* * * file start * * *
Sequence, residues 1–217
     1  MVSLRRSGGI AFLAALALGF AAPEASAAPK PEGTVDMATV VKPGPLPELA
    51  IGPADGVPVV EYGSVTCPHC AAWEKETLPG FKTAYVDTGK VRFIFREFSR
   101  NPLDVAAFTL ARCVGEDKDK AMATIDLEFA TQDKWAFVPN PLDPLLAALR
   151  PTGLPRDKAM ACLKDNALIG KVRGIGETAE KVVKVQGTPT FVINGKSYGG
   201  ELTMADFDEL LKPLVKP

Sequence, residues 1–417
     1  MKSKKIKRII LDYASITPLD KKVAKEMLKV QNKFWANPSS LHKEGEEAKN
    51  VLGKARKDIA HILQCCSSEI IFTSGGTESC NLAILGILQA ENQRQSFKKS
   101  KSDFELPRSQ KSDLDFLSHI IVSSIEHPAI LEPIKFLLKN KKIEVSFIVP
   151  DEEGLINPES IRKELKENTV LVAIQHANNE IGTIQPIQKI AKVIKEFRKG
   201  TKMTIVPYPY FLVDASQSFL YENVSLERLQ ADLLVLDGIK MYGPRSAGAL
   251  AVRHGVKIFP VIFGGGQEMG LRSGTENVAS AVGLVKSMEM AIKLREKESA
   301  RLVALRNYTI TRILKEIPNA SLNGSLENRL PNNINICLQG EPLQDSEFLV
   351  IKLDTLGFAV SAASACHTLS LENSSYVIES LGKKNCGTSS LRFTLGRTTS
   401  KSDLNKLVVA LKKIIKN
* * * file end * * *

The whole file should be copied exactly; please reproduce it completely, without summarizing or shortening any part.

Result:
Sequence, residues 1–217
     1  MVSLRRSGGI AFLAALALGF AAPEASAAPK PEGTVDMATV VKPGPLPELA
    51  IGPADGVPVV EYGSVTCPHC AAWEKETLPG FKTAYVDTGK VRFIFREFSR
   101  NPLDVAAFTL ARCVGEDKDK AMATIDLEFA TQDKWAFVPN PLDPLLAALR
   151  PTGLPRDKAM ACLKDNALIG KVRGIGETAE KVVKVQGTPT FVINGKSYGG
   201  ELTMADFDEL LKPLVKP

Sequence, residues 1–417
     1  MKSKKIKRII LDYASITPLD KKVAKEMLKV QNKFWANPSS LHKEGEEAKN
    51  VLGKARKDIA HILQCCSSEI IFTSGGTESC NLAILGILQA ENQRQSFKKS
   101  KSDFELPRSQ KSDLDFLSHI IVSSIEHPAI LEPIKFLLKN KKIEVSFIVP
   151  DEEGLINPES IRKELKENTV LVAIQHANNE IGTIQPIQKI AKVIKEFRKG
   201  TKMTIVPYPY FLVDASQSFL YENVSLERLQ ADLLVLDGIK MYGPRSAGAL
   251  AVRHGVKIFP VIFGGGQEMG LRSGTENVAS AVGLVKSMEM AIKLREKESA
   301  RLVALRNYTI TRILKEIPNA SLNGSLENRL PNNINICLQG EPLQDSEFLV
   351  IKLDTLGFAV SAASACHTLS LENSSYVIES LGKKNCGTSS LRFTLGRTTS
   401  KSDLNKLVVA LKKIIKN